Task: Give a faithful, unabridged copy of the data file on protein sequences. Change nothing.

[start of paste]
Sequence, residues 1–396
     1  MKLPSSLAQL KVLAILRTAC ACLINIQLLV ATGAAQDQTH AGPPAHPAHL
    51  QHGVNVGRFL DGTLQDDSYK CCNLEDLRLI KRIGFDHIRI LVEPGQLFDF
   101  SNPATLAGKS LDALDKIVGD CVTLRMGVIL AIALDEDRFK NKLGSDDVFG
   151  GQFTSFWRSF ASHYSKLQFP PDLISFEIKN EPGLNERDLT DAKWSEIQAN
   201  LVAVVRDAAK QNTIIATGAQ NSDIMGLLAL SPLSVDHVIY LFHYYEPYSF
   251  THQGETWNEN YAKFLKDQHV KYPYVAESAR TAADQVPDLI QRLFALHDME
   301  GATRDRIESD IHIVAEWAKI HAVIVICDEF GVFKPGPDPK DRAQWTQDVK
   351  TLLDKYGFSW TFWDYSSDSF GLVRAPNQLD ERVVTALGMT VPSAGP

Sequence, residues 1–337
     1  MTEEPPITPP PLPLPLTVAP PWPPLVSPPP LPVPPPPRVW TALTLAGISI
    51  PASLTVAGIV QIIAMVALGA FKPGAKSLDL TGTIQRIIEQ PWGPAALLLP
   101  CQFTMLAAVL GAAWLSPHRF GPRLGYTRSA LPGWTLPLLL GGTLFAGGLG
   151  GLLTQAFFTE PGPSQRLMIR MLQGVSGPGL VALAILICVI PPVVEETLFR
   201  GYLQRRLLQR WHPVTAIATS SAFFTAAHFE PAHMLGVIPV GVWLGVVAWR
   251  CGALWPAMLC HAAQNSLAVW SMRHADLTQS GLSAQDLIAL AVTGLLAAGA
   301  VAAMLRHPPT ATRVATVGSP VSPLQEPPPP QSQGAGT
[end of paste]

Sequence, residues 1–396
     1  MKLPSSLAQL KVLAILRTAC ACLINIQLLV ATGAAQDQTH AGPPAHPAHL
    51  QHGVNVGRFL DGTLQDDSYK CCNLEDLRLI KRIGFDHIRI LVEPGQLFDF
   101  SNPATLAGKS LDALDKIVGD CVTLRMGVIL AIALDEDRFK NKLGSDDVFG
   151  GQFTSFWRSF ASHYSKLQFP PDLISFEIKN EPGLNERDLT DAKWSEIQAN
   201  LVAVVRDAAK QNTIIATGAQ NSDIMGLLAL SPLSVDHVIY LFHYYEPYSF
   251  THQGETWNEN YAKFLKDQHV KYPYVAESAR TAADQVPDLI QRLFALHDME
   301  GATRDRIESD IHIVAEWAKI HAVIVICDEF GVFKPGPDPK DRAQWTQDVK
   351  TLLDKYGFSW TFWDYSSDSF GLVRAPNQLD ERVVTALGMT VPSAGP

Sequence, residues 1–337
     1  MTEEPPITPP PLPLPLTVAP PWPPLVSPPP LPVPPPPRVW TALTLAGISI
    51  PASLTVAGIV QIIAMVALGA FKPGAKSLDL TGTIQRIIEQ PWGPAALLLP
   101  CQFTMLAAVL GAAWLSPHRF GPRLGYTRSA LPGWTLPLLL GGTLFAGGLG
   151  GLLTQAFFTE PGPSQRLMIR MLQGVSGPGL VALAILICVI PPVVEETLFR
   201  GYLQRRLLQR WHPVTAIATS SAFFTAAHFE PAHMLGVIPV GVWLGVVAWR
   251  CGALWPAMLC HAAQNSLAVW SMRHADLTQS GLSAQDLIAL AVTGLLAAGA
   301  VAAMLRHPPT ATRVATVGSP VSPLQEPPPP QSQGAGT